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Obama brings shellac back into fashion

Borrowing a word from the furniture business, the president reminds us of the importance of sound symbolism in political rhetoric.

President Obama has brought shellac back into fashion.

Jason Reed/Reuters

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All sorts of meanings have been read into the results of the midterm congressional elections. Here's one of my takeaway messages: Never forget the importance of sound symbolism in political rhetoric.

Just look at what President Obama has done for shellac lately.

Here's what he said in his Nov. 3 press conference, from the official White House transcript: "I'm not recommending for every future President that they take a shellacking like they – like I did last night. (Laughter.) I'm sure there are easier ways to learn these lessons."

The one-word instant quote out of all this was, of course, "shellacking." Note how subtly it was introduced, in a dependent clause uttered in reference to a vague "every future president," followed by a pause for parenthetical "laughter."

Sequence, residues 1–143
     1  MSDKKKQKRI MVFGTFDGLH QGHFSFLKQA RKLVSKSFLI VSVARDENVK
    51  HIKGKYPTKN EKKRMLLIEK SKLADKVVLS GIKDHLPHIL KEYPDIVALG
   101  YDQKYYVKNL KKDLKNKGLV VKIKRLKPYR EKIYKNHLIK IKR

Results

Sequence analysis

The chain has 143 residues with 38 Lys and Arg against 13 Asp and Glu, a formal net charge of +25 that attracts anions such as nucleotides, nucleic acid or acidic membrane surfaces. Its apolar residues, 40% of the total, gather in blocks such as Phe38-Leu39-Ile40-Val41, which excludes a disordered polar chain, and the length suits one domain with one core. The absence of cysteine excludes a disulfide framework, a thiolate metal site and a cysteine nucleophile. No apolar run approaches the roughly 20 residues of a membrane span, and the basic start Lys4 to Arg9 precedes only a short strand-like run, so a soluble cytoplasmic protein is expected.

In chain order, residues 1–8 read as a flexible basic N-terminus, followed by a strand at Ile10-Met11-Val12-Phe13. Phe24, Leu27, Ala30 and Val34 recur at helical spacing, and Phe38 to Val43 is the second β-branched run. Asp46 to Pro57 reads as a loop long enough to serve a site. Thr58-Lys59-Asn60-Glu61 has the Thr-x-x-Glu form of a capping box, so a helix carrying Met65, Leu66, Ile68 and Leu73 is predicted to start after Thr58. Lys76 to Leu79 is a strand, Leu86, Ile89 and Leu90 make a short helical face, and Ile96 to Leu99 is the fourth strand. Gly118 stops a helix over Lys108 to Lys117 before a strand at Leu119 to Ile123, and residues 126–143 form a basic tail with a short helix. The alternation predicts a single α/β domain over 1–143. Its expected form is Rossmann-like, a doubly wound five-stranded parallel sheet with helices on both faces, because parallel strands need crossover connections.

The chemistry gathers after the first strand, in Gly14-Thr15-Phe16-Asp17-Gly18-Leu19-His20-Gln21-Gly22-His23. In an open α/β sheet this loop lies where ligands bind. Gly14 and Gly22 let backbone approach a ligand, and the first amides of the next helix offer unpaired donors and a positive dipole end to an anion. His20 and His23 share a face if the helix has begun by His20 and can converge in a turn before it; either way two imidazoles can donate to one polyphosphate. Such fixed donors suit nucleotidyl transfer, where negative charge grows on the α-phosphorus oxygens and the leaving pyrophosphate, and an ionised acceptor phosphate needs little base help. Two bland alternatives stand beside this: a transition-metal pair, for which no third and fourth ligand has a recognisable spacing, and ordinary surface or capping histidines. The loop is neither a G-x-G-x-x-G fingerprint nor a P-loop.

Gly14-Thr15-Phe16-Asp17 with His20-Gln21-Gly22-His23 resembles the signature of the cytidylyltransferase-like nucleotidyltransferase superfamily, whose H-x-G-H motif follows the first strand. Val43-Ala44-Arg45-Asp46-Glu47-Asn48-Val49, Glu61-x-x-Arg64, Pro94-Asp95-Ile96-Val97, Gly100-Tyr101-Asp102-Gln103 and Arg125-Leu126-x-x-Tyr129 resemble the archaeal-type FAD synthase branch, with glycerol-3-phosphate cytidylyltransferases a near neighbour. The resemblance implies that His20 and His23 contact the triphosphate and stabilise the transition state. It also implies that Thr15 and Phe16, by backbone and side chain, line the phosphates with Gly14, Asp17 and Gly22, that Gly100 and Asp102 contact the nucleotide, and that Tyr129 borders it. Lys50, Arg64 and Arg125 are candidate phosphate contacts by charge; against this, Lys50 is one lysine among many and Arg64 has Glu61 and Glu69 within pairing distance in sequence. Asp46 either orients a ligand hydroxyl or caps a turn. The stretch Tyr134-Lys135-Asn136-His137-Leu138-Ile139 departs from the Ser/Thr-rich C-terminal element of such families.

But note also how the press corps can sniff a headline out of all those complex sentences: "President admits to taking a 'shellacking.'"

Postpresidential biographies of Obama will, I predict, have index entries for "shellacking," and meanwhile, the word, often without quotes, is all over the Web as shorthand for "where the president is now." Shellacking is common in sports writing: Denver Broncos vs. Kansas City Chiefs, 49 to 29; Cleveland Browns vs. New England Patriots, 34-14, the Giants over the Rangers in the World Series, inter al.

Shellac as a noun meaning varnish goes back to the early 18th century. It began to be used as a verb about a century and a half later. The colloquial sense of "to beat soundly" dates to 1920, according to the Online Etymology Dictionary.

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